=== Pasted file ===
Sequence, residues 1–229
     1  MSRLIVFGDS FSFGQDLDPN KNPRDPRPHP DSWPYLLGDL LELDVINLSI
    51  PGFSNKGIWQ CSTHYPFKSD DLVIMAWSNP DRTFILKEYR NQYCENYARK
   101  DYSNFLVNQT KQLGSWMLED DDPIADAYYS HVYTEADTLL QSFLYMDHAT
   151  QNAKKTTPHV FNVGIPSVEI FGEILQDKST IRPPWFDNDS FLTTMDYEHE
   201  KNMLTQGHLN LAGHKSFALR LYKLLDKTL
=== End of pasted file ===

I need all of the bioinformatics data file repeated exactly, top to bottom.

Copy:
Sequence, residues 1–229
     1  MSRLIVFGDS FSFGQDLDPN KNPRDPRPHP DSWPYLLGDL LELDVINLSI
    51  PGFSNKGIWQ CSTHYPFKSD DLVIMAWSNP DRTFILKEYR NQYCENYARK
   101  DYSNFLVNQT KQLGSWMLED DDPIADAYYS HVYTEADTLL QSFLYMDHAT
   151  QNAKKTTPHV FNVGIPSVEI FGEILQDKST IRPPWFDNDS FLTTMDYEHE
   201  KNMLTQGHLN LAGHKSFALR LYKLLDKTL